Nicole Shaffer is a 25-year-old store receptionist. She's been using medicinal pot for four years now.
“I use it mostly for kind of emotional stuff," she said. "I probably ... smoke about once a day at this point.”
But last month, Shaffer let her official Oregon medical marijuana card lapse. She said the annual $200 cost isn’t worth the savings she makes on medical versus recreational marijuana.
“To buy, like, a $12 gram here and there is going to be way more cost effective than to go out and spend $200 on a medical card,” she said.
Shaffer is not alone. A lot of Oregonians are making the same decision.
State officials say that since recreational marijuana became legal, the number of people with medical cards dropped from 77,000 to 67,000 — that’s equivalent to the population of Cottage Grove.
Medical Marijuana Patient Card Applications
And it’s not just customers who are moving to the recreational market. Of the 300 plus dispensaries in the state, more than 80 percent have applied to sell recreational cannabis.
The Little Amsterdam Dispensary in Portland, for example, just shut down its medicinal shop. Owner Renee Barnes is still a partner in two other stores.
She said that medical and recreation sales were about 50-50.
“Now we see about 70 percent recreational and 30 percent medical customers,” she said.
Medical marijuana is supposed to be a legal, easy way to help people get help for pain reduction or other chronic problems. Patients with medical marijuana cards can buy more at one time than recreational customers — and they pay lower prices.
But that isn’t proving enough to retain customers.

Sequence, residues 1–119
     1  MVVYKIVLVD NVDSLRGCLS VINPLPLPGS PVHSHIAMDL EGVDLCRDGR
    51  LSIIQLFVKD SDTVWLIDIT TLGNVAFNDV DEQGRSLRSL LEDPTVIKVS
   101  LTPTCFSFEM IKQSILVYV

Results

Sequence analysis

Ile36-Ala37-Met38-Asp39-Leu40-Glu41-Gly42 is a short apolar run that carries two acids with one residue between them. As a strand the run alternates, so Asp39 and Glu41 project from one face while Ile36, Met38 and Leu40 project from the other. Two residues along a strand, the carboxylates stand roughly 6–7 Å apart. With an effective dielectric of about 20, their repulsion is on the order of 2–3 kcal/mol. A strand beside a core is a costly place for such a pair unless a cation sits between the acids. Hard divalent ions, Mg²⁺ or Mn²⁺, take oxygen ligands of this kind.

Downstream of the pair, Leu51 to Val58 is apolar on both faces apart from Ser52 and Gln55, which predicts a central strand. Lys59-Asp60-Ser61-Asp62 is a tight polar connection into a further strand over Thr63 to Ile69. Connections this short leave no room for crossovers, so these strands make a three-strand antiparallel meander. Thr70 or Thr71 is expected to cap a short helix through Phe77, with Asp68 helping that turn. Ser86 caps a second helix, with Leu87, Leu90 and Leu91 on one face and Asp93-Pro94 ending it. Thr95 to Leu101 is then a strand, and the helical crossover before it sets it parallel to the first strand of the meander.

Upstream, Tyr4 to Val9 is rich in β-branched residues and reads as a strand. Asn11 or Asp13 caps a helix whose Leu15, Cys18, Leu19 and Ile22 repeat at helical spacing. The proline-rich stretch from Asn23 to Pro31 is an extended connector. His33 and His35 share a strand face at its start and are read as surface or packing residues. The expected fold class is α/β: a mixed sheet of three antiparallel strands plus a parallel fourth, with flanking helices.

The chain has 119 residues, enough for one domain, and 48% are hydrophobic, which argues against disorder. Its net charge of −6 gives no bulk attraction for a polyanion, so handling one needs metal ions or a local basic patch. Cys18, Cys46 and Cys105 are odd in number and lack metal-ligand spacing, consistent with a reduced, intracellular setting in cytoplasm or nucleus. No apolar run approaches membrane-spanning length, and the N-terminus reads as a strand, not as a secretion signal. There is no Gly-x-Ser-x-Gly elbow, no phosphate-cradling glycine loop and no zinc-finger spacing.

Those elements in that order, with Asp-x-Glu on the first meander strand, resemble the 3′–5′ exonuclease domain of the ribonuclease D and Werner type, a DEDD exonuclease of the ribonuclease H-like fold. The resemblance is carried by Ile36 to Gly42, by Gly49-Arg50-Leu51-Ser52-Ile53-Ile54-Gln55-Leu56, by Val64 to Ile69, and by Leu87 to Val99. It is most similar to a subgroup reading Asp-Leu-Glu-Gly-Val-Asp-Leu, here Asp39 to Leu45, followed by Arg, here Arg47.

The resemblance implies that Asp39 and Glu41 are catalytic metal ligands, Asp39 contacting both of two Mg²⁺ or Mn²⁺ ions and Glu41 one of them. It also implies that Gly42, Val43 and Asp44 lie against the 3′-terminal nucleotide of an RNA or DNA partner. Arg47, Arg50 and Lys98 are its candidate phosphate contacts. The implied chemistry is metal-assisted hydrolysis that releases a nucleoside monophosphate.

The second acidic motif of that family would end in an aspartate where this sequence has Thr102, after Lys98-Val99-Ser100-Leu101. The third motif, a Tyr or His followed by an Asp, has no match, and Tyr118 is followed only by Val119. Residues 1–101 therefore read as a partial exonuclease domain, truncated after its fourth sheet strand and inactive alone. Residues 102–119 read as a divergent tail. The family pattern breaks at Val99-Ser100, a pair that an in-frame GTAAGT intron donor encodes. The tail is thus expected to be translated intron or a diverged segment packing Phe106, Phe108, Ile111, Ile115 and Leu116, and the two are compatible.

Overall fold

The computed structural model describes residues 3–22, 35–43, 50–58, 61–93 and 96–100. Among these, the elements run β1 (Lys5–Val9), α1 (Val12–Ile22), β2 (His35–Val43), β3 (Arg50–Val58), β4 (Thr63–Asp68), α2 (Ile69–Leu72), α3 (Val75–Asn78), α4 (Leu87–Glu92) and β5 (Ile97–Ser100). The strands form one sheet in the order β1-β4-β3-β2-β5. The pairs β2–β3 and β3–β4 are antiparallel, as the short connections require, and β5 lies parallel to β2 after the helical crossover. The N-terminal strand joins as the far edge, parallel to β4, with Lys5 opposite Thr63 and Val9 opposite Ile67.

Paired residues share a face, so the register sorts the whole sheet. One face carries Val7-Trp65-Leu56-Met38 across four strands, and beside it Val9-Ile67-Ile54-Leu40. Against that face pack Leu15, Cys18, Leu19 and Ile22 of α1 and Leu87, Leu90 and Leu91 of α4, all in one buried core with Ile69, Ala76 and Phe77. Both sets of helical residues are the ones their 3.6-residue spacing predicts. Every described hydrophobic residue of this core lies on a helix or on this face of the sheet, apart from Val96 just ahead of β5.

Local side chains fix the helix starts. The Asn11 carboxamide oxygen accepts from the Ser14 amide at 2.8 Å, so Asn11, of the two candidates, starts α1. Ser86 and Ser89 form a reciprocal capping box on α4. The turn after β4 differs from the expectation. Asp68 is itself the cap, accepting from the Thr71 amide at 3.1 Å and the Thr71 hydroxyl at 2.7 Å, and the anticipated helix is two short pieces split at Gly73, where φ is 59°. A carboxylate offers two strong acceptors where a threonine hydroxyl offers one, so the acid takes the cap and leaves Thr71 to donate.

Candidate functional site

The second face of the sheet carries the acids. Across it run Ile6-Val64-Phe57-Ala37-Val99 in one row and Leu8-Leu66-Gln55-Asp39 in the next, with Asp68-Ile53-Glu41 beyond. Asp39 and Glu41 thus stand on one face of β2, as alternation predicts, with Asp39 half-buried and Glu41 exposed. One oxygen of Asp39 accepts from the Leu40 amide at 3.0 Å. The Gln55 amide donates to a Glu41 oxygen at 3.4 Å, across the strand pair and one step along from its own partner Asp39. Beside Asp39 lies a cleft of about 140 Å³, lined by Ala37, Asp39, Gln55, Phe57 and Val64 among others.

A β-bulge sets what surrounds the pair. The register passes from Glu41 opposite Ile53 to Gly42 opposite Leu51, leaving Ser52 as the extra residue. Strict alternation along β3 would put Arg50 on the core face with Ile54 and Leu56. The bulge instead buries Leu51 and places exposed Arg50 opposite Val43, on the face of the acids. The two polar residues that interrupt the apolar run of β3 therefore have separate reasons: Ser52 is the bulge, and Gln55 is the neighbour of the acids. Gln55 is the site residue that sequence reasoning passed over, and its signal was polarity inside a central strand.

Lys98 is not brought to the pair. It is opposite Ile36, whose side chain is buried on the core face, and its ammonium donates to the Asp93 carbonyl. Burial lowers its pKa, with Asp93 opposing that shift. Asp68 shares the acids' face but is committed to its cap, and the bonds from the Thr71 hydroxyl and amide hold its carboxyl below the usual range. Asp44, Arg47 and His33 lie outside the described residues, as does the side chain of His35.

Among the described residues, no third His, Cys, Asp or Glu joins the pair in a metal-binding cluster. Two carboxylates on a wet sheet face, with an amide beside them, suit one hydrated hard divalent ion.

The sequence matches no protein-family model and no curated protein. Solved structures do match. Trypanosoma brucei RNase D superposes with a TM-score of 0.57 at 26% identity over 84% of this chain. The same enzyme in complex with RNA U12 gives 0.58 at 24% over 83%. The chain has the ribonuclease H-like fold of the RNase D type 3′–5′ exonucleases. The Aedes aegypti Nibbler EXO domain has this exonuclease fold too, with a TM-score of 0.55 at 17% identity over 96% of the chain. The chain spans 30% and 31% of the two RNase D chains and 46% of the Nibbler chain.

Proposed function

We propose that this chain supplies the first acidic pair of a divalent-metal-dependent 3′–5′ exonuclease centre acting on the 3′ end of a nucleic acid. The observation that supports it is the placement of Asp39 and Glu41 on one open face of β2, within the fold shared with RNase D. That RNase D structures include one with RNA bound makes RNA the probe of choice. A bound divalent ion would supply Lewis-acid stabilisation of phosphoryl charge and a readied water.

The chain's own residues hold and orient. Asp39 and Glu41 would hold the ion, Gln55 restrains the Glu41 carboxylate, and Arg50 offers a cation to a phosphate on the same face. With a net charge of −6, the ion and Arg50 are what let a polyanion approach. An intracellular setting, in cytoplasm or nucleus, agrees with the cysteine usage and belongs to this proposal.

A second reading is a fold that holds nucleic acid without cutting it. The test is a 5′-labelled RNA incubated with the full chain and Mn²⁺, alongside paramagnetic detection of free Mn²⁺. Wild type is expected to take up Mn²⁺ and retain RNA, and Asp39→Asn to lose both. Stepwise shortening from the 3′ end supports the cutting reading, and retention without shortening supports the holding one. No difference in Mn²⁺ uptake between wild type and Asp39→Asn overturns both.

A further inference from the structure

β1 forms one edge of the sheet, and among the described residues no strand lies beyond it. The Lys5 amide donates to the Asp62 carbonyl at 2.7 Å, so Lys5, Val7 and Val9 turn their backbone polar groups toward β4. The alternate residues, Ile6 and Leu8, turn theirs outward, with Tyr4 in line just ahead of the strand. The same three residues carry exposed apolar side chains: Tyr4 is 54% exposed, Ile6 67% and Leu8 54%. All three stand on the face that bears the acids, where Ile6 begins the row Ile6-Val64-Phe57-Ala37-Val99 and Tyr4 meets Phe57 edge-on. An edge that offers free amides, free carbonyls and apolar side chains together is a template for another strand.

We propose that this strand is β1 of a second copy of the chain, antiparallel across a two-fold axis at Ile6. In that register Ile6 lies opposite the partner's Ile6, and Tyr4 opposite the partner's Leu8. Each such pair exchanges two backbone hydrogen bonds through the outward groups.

Barnes says the state now seems to be favoring recreational marijuana over medicinal marijuana.
“You know it’s kind of maybe become the ugly stepchild,” she said.
Dr. Christian Le runs Green Earth Medicine in Portland, a clinic that specializes in helping people use medical marijuana.
He’s also hearing that medical sales are withering. And he’s frustrated because he says the state appears to be pushing aside the promise of medicinal marijuana in favor of the tax revenues it gets for recreational marijuana.
State and local authorities can slap up to 20 percent on recreational sales, while they don't add a thing to medicinal sales.
Le doesn't believe the state is trying to kill medicinal sales. Instead, it's just letting it wither.
“The people who made cannabis legal, as it is today, are actually being thrown to the curb,” he said. “Whether it’s people in the industry making profits off it or whether it’s the state making taxation out of it, that seems to be 99 percent of the focus."
Medicinal growers are having problems, too. That’s because they don’t grow on the same scale as recreational farmers but are now subject to many of the same regulations, such as license fees and the need for expensive security cameras and seed-to-sale tracking systems.
Mark Pettinger with the Oregon Liquor Control Commission won’t comment on whether taxes are driving the move from medical to recreational sales, but he says the new regulations are necessary.
“(They're) really to ensure that certain safeguards are in place to protect public safety," he said. "That means preventing access by children. It means ensuring that marijuana isn’t diverted from legal intent into the illegal market. It means trying to keep marijuana … out of the hands of the cartels and organized crime."
Pettinger said the new regulations are needed to help dissuade the federal government from cracking down on marijuana-friendly states such as Oregon.
"Up until now the medical marijuana system has been less tightly regulated, and it’s been a source for diverting product to the illegal market," he said in a statement.
So, is the state seeing the death of the medical marijuana-only dispensary?
No, says Rob Patridge, the recently departed chief of the OLCC.
“Basically you’re going to have a series of cities and counties across the state who’ve opted out from recreational sale," he said. "So you’re going to have some of those medical-only sales dispensaries."
Those dispensaries are going to be in Eastern Oregon, where medical cards are often the only legal way people can get the drug.
Maybe it’s not what Oregon voters intended when they approved medical marijuana in 1998 — but for patients, it’s better than nothing.